The last time Apple unveiled a new version of OS X with barely any changes to Mail.app, it was a bit disappointing but no big deal. Now, however, more than two years after Mail's last significant overhaul, the extremely incremental upgrades are getting annoying. And reports of a host of troubles with Mail, Gmail, and IMAP might make Mail 7 actually worse than its predecessor.
Though 'What's New in Mail' gets its own entry under the program's Help menu, there are only four items on the resulting list. They're all minor additions to previous revisions, and some are more useful than others.
Adding attachments to the list of ways you can search your mail messages marks Mail 7's one genuinely welcome improvement. The program is smart enough to have categories for many common file types, including Word, PDF, iWork documents, and MP3 audio. My sample searches turned up comprehensive, accurate results from the depths of my many years' worth of email in a flash.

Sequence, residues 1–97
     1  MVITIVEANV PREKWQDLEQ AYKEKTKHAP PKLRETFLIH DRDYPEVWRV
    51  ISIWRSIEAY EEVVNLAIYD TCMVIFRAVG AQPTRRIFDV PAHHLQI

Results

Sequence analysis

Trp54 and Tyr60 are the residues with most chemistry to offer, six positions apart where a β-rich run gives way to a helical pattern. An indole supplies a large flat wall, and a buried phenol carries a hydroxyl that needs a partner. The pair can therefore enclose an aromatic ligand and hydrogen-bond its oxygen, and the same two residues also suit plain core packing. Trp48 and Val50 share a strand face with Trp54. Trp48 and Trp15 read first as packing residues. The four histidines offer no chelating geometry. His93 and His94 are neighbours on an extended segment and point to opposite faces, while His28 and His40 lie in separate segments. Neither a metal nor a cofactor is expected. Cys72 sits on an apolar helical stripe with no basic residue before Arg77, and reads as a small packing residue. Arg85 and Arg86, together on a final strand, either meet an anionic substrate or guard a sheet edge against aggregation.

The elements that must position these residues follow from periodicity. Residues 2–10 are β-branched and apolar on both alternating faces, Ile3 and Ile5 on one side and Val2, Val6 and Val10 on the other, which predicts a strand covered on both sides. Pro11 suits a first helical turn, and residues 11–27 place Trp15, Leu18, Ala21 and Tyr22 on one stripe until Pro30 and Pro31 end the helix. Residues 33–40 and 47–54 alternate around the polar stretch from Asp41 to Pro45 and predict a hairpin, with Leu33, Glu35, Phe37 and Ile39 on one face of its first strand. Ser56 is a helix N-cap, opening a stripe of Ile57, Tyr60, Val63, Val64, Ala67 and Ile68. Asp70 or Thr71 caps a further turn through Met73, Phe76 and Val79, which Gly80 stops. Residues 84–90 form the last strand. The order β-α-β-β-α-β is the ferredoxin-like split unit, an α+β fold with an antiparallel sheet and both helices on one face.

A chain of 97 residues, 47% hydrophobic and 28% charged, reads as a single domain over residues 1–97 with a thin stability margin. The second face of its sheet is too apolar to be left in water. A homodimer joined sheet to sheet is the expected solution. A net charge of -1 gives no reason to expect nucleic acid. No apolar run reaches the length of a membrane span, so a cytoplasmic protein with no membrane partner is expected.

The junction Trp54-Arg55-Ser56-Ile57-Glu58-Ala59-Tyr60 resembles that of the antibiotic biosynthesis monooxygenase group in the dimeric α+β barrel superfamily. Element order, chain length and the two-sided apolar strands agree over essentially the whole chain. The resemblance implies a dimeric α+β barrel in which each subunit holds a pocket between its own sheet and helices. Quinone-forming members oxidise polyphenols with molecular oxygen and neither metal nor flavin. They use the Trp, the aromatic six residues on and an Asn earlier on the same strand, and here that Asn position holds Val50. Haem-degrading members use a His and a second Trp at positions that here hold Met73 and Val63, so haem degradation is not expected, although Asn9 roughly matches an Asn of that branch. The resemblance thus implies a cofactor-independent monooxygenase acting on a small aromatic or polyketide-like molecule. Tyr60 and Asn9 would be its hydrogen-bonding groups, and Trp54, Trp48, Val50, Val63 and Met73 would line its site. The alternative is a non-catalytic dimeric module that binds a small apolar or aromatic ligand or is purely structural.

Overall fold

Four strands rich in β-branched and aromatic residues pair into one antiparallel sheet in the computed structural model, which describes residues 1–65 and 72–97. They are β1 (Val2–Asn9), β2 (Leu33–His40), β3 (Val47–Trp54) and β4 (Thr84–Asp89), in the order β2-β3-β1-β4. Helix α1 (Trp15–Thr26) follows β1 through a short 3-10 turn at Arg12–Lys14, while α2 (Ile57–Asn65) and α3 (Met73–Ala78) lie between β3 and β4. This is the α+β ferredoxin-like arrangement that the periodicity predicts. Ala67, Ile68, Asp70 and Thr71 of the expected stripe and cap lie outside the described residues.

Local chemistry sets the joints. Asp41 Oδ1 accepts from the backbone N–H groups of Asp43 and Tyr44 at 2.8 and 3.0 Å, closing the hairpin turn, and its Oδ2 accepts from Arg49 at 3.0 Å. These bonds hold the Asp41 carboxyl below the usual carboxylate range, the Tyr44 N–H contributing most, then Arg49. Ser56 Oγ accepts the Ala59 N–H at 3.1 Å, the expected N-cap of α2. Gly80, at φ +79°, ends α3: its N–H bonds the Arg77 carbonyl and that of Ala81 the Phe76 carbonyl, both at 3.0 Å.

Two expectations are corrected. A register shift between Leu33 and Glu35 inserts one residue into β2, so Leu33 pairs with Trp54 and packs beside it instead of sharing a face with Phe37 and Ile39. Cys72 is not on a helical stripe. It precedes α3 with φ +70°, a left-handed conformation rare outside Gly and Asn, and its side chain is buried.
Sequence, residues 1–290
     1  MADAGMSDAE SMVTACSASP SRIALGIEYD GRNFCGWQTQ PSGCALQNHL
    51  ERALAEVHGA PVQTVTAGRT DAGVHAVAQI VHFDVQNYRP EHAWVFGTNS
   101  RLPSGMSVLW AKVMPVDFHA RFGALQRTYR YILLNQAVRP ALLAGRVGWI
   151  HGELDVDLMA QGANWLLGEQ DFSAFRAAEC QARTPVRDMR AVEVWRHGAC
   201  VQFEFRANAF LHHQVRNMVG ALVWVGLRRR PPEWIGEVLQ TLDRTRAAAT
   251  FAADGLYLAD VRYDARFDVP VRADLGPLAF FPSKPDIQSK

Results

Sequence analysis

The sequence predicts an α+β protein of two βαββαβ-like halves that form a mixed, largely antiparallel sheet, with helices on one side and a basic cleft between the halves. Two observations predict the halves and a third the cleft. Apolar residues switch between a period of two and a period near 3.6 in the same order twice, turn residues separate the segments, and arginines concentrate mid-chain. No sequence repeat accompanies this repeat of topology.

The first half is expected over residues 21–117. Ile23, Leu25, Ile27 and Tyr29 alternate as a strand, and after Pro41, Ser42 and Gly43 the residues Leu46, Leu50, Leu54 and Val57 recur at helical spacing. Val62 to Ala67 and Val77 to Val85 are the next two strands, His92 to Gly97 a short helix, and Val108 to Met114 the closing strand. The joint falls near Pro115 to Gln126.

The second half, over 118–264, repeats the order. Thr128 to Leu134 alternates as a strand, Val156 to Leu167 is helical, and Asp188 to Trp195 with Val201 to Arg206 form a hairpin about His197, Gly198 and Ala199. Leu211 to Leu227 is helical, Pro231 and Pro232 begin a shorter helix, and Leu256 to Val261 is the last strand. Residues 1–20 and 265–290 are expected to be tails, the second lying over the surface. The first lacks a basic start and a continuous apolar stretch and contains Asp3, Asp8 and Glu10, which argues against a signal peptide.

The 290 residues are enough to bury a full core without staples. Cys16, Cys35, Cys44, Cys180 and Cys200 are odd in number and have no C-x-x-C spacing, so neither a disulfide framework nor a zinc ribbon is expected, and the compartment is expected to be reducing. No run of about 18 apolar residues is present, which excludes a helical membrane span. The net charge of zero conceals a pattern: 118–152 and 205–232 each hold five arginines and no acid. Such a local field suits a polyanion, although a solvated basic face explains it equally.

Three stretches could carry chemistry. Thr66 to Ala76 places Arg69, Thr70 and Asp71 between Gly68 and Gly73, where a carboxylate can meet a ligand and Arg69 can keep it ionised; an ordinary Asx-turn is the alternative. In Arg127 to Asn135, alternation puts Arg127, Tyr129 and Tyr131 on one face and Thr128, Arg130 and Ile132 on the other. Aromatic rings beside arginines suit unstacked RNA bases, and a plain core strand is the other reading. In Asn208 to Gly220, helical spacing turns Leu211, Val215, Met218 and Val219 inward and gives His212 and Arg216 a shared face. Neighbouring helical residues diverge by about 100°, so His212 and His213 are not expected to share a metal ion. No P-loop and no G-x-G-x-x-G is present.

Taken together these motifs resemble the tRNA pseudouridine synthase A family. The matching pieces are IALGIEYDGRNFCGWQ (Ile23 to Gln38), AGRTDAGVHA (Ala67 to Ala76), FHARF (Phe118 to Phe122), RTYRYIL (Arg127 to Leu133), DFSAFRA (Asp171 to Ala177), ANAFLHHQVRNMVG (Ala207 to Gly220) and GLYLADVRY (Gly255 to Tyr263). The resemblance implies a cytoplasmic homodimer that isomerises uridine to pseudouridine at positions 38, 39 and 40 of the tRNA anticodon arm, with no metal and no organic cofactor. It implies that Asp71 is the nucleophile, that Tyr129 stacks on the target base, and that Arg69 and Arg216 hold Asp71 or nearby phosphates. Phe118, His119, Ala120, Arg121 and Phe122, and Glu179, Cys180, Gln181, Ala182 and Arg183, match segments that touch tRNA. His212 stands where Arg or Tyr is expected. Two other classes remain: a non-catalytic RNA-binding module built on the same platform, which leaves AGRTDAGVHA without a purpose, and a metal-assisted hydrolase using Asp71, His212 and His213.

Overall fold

Building on Mail 6.1's Notifications support, version 7 lets you reply to a message directly from a notification if you're in another program. That's a great idea in theory, but in practice I had trouble spotting the notification and clicking on it in the fleeting seconds before it vanished.
Mail now supports Passbook passes as an attachment (and makes them searchable). You can view a pass right from your email, and add it to your Passbook via iCloud with a click. I'm just having trouble envisioning a real-world scenario that would demand this feature. If you're emailing someone a Passbook ticket or gift card, wouldn't they be far more likely to receive that email on their iPhone?
Finally, Smart Mailboxes have a new criterion that allows you to filter messages by the account they belong to. I'd salute this feature more if Smart Mailboxes hadn't seemed to lose a few IQ points in the upgrade. Especially when I first start the program, it can sometimes—but not always—take a few of my very simple Smart Mailboxes several minutes to display any messages whatsoever; before, their contents loaded when the program did.
As Joe Kissell has reported, Mail and Gmail don't play nicely together when IMAP's involved. Among a host of other flaws, Kissell noted that a change to the way Mail and Gmail interact via IMAP can either render some messages invisible or require hours of needless duplicate downloads. He also reported long, intermittent stretches in which Mail wouldn't update its Gmail contents at all, and said readers had sent him tales of other IMAP services working poorly.
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